Formulators and value-added packagers face several challenges when introducing new products. While it is a partnership, the customer still drives the development of the new technology. APS and Royal ensured that the new product met the customer’s needs and was qualified to the customer specifications. The new product was judged on quality, affordability, service and performance. In the case of polysulfide aerospace sealants, the performance must be light weight, fast cure, and fuel- and corrosion-resistant. In addition, the new polysulfide product needed to be chromate- and solvent-free, thereby improving its environmental health and safety characteristics.
APS and Royal must also continue to develop and introduce new products to meet the customer’s future needs. In addition, there must be a packaging, logistics and added-value services aspect to the product that weds the installer to the product.
Polysulfide sealants are processed into pre-mixed and frozen by using meter-mix machines, which pump, proportion, mix, and dispense the sealant into cartridges. However, the technological advances with this new sealant were not compatible with traditional meter-mix equipment. Royal and APS needed to develop a new, proprietary meter-mixing process specifically designed to meet the demands of this advanced sealant for the aerospace industry.
The traditional meter-mix process takes the base and catalyst, which are pumped into metering sleeves. The metering sleeves send the right proportions to the mixing head without affecting the critical properties of this demanding product. Next, the sealant is mixed and filled directly into the cartridges in precise volumes. It is imperative to ensure that the sealant is air free; excess air in the cartridge at the start of the fill is carefully bled out, and the process is monitored to ensure that no air is incorporated into the mix or cartridge.
Once filled, the cartridge is passed to the second operator, who places a small sample of each cartridge, called a button, on a button board. Each cartridge is individually numbered and corresponds to a square on the button board. These buttons are part of the in-process quality assurance and are used to check for uniformity, cure consistency, and any air entrapment.
After the button sample is taken, the cartridge is capped and immediately placed in a freezing bath at -70°F. The cartridges stay in the freezing bath for a minimum of 10 min to reach a frozen state that stops the curing reaction.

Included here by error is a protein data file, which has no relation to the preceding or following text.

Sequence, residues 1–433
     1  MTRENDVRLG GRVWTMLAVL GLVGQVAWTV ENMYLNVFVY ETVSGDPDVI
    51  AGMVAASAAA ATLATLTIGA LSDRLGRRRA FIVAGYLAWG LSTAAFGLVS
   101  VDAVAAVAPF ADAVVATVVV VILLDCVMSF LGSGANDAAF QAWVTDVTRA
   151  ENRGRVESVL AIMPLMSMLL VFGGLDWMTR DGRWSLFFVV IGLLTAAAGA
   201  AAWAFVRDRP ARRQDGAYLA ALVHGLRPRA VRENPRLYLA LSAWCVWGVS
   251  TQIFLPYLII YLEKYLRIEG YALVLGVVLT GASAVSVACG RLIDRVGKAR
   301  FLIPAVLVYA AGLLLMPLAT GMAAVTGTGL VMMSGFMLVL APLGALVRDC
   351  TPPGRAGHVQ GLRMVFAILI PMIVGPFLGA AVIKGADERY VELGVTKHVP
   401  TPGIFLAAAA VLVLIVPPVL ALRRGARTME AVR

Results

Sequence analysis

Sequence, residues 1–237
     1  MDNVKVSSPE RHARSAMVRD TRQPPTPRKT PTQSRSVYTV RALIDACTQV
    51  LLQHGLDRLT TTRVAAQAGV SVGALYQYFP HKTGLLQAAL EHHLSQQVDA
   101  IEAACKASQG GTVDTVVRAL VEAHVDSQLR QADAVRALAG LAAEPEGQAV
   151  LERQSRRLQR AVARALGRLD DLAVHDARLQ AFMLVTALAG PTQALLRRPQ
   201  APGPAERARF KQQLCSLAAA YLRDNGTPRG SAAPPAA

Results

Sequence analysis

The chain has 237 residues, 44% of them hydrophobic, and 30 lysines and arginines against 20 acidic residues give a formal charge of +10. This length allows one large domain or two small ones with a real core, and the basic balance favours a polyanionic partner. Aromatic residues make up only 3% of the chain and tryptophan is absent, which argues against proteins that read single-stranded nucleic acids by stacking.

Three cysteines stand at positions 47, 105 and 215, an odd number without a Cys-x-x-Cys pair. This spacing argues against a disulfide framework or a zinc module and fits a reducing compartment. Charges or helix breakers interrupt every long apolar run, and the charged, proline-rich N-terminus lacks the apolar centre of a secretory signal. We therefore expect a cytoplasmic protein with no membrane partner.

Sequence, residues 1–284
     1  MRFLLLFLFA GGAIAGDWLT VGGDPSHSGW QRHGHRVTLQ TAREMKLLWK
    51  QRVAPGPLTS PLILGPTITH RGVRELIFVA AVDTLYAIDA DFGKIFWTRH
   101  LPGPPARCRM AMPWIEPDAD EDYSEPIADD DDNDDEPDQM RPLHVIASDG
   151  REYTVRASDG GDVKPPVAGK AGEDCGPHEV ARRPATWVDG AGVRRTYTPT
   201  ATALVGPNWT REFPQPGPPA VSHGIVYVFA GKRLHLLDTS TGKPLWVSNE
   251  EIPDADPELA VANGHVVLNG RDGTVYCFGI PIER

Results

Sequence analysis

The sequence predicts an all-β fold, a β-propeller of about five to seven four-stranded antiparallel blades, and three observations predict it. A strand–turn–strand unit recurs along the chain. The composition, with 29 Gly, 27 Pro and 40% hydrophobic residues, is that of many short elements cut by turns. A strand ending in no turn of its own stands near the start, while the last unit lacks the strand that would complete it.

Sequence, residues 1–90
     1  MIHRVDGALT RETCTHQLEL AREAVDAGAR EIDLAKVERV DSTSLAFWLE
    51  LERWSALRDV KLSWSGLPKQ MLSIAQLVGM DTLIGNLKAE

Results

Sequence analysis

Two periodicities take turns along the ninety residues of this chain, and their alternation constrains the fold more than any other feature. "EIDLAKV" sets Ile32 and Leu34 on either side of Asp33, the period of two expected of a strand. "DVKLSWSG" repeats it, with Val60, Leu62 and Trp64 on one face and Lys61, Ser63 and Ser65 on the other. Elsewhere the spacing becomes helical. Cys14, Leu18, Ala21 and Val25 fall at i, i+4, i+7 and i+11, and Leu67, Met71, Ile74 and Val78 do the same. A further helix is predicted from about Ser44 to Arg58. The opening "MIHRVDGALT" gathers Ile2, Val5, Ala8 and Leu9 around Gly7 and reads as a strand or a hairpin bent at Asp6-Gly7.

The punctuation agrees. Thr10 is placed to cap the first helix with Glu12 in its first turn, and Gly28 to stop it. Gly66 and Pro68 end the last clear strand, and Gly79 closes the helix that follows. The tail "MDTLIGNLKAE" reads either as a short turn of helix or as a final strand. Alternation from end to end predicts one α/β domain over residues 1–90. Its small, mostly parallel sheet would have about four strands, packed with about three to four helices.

When the sealant is frozen and ready to come out of the bath, the operator quickly transfers the sealant into bins, which are labeled and put into a -70°F storage freezer until they are packed and shipped. Cartridges are packed into coolers with dry ice to keep them frozen throughout the shipping process.
While the overall process is the same, APS developed certain techniques needed to compensate for the unique nature of the polysulfide sealant properties. The lightweight and compressible nature of the new-generation sealant created the challenge that required a new way of processing. Existing mixing equipment became incompatible with the new sealants, and special metering and dispensing improvements needed to be incorporated into the mixer design. Lightweight, fast-cure, and chromate and solvent-free properties all drove a significant change in the pre-mixed and frozen sealant process.
Partners for Change
APS developed a customized global logistics system to provide pre-mix and frozen sealant in point-of-use cartridges for delivery directly to production lines for intricate fuel and fuselage sealing applications. Royal and APS received a five-year global contract in mid-2014 for all the customer’s aircraft models at all global locations.
Royal and APS are now embedded in the product innovation and development lifecycle of the aerospace customer, and are a major partner at each step in the process to address its customer’s needs. In addition, Royal is expanding in the market and providing even more innovative products and packaging to other aerospace customers.
For more information, call (800) 222-1117, email email@example.com or visit www.adhesivepackaging.com.
Report Abusive Comment